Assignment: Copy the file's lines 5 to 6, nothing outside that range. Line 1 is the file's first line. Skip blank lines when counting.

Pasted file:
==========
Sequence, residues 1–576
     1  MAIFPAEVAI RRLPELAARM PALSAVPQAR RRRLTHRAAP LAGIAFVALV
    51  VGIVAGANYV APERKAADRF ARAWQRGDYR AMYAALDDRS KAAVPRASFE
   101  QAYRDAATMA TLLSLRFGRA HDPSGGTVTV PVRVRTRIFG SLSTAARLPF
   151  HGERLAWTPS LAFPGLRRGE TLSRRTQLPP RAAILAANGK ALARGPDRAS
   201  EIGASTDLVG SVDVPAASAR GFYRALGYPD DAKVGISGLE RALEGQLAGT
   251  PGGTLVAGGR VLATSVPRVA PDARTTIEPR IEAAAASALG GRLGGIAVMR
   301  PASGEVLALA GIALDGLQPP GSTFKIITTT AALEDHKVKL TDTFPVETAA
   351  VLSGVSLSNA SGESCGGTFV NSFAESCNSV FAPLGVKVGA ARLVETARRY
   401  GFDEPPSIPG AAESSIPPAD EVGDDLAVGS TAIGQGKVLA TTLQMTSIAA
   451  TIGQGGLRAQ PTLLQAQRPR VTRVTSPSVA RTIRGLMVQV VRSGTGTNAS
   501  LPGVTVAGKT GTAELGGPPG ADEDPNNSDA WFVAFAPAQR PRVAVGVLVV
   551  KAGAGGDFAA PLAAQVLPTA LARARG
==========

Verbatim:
   151  HGERLAWTPS LAFPGLRRGE TLSRRTQLPP RAAILAANGK ALARGPDRAS
   201  EIGASTDLVG SVDVPAASAR GFYRALGYPD DAKVGISGLE RALEGQLAGT